Pepperspraying The Future

A whiff of pepper spray rising from a suburban big box store, a breathtakingly absurd comment by an American politician, a breathtakingly cynical statement from a Canadian minister: three scraps of data sent whirling down the wind unnoticed by most of today’s disinformation society, which are also three clues to the exceptionally unwelcome future the industrial world is making for itself. Let’s take them one at a time, in reverse order.

On Monday, as a new round of climate change talks got under way in Durban, Canadian environment minister Peter Kent confirmed earlier media reports that Canada will refuse to accept any further cuts in its carbon dioxide output under the Kyoto treaty. Since Canada is one of only two countries on Earth that uses more energy per capita than the United States—an impressive feat, really, when you think about it—you might be tempted to believe that there was room for some modest cuts, but that notion is nowhere in Kent’s view of the universe. Those same media reports claimed that Canada was preparing to extract itself from the Kyoto treaty altogether; Kent dodged that question, but as Bob Dylan sang a good long time ago, you don’t need to be a weatherman to know which way the wind is blowing.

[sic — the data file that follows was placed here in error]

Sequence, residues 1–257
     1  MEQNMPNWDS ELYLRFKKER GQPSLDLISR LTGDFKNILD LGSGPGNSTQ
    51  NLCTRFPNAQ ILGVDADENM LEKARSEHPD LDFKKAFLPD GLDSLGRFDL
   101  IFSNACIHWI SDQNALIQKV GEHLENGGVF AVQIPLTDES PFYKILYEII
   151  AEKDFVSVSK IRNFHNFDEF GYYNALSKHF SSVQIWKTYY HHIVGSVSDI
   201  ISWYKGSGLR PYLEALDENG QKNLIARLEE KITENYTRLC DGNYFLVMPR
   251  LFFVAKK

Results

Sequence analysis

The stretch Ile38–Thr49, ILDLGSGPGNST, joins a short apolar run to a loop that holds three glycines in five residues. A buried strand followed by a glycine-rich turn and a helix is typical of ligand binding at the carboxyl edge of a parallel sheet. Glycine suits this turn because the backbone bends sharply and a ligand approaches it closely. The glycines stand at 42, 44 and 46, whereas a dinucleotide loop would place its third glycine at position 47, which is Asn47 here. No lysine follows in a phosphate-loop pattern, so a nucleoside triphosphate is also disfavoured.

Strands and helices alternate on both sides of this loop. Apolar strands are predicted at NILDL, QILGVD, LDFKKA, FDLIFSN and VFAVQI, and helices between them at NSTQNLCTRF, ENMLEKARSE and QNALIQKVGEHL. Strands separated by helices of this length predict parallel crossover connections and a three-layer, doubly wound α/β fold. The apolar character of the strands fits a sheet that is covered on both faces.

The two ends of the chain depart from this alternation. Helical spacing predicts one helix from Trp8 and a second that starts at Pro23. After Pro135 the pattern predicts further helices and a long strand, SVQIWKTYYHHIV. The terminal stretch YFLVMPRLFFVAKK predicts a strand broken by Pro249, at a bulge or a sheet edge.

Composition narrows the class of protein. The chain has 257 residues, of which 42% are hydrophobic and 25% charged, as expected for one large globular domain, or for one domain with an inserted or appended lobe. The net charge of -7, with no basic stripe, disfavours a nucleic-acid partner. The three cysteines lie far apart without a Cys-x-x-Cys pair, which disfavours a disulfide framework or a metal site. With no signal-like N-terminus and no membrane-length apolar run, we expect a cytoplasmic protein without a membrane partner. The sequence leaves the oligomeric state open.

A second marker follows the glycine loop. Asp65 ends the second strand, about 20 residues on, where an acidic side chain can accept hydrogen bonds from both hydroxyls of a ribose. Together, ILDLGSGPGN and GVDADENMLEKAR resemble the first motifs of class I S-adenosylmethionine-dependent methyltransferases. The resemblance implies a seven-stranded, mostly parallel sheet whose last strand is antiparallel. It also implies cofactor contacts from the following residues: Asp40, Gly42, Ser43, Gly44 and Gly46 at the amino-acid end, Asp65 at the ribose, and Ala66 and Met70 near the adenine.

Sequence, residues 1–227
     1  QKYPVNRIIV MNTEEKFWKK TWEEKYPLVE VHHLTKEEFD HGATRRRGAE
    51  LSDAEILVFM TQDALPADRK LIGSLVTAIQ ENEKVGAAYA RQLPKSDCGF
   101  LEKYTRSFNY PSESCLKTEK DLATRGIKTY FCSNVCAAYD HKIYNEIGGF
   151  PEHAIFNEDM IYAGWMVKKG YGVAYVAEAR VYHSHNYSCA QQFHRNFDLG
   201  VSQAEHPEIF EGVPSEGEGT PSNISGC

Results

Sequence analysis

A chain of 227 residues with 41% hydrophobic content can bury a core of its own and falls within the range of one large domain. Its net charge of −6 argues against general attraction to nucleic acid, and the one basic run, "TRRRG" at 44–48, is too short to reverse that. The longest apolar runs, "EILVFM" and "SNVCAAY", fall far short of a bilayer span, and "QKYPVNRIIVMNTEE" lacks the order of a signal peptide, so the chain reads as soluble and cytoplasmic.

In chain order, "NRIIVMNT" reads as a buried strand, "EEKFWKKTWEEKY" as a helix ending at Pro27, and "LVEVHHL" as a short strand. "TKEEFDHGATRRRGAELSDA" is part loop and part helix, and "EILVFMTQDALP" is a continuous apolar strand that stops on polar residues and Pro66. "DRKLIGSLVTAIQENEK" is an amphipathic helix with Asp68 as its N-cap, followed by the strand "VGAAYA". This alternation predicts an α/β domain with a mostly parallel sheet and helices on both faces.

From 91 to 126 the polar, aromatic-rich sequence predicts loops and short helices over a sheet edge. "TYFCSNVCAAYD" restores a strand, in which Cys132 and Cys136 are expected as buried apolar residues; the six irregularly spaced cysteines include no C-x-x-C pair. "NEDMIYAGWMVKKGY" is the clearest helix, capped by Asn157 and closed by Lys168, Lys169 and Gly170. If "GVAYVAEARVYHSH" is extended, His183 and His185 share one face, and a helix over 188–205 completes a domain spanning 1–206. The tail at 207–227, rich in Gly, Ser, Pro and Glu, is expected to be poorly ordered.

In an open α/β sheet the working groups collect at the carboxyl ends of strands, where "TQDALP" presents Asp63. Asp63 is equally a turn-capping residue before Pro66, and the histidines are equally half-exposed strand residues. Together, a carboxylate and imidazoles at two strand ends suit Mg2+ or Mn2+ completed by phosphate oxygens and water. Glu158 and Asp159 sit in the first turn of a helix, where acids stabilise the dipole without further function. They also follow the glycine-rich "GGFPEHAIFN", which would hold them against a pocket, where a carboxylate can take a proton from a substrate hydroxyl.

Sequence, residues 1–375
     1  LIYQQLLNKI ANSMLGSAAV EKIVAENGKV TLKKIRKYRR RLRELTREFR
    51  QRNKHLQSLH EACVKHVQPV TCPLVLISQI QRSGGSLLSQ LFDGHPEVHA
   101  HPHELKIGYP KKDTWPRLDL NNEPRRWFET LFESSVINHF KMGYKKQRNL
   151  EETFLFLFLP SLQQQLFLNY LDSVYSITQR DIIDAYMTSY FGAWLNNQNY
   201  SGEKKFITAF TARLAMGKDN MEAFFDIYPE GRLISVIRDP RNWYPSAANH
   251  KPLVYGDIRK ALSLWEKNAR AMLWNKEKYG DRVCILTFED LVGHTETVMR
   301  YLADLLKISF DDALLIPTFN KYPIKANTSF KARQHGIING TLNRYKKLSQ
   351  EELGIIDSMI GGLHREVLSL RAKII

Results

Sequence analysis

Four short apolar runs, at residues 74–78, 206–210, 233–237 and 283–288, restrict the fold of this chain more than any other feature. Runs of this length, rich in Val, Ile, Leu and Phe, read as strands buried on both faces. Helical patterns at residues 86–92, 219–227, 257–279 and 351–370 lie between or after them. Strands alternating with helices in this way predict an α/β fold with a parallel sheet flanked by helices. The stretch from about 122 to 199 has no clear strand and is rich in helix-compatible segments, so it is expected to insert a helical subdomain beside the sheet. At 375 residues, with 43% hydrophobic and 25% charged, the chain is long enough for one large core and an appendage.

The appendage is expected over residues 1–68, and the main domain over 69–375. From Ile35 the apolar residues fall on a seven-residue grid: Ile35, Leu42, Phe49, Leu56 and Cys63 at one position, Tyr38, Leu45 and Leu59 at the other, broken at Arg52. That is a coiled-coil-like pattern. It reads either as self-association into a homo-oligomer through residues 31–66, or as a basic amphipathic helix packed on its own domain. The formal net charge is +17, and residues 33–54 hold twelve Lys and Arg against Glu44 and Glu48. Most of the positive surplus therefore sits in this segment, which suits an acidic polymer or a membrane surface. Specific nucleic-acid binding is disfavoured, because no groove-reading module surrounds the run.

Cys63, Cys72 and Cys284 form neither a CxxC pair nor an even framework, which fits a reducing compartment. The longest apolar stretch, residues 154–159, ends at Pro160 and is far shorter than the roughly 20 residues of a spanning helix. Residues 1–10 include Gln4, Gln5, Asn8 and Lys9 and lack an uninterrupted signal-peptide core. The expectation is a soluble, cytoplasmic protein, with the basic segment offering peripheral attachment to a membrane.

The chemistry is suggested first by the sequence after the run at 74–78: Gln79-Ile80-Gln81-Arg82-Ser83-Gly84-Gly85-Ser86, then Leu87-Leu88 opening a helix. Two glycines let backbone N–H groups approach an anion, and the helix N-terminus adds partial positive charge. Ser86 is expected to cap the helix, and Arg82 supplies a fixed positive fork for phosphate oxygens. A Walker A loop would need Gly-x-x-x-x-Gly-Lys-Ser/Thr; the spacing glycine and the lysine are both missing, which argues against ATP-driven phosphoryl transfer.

The week before, in a debate among candidates for the GOP’s presidential nomination, Newt Gingrich responded to a question about oil supplies by insisting that the United States could easily increase its oil production by four million barrels a day next year, if only those dratted environmentalists in the other party weren’t getting in the way. This absurd claim was quickly and efficiently refuteded by several peak oil writers—Art Berman’s essay over on the Oil Drum is a good example—but outside the peak oil blogosphere, nobody blinked. Never mind that the entire United States only produces 5.9 million barrels a day, that it took twenty years for the Alaska North Slope fields (peak production, 2 million barrels per day) to go from discovery to maximum output, or that the United States has been explored for oil more thoroughly than any other piece of real estate on the planet; the pundits and the public alike nodded and went on to the next question, as though a serious contender for the position of most powerful human being on the planet hadn’t just gone on record claiming that two plus two is whatever you want it to be.